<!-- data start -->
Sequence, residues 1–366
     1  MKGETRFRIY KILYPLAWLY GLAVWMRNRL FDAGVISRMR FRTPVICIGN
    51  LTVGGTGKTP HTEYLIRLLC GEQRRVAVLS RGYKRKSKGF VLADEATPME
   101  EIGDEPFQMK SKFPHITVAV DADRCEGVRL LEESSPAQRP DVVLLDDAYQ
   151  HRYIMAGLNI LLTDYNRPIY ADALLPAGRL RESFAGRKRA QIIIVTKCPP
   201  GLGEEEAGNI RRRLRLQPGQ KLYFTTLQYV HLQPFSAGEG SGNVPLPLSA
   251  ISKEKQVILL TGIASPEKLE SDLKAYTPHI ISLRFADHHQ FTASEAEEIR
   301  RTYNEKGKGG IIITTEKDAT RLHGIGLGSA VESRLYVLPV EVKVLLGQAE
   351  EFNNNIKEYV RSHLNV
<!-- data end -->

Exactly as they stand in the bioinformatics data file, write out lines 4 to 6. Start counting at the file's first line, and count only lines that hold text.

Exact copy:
   101  EIGDEPFQMK SKFPHITVAV DADRCEGVRL LEESSPAQRP DVVLLDDAYQ
   151  HRYIMAGLNI LLTDYNRPIY ADALLPAGRL RESFAGRKRA QIIIVTKCPP
   201  GLGEEEAGNI RRRLRLQPGQ KLYFTTLQYV HLQPFSAGEG SGNVPLPLSA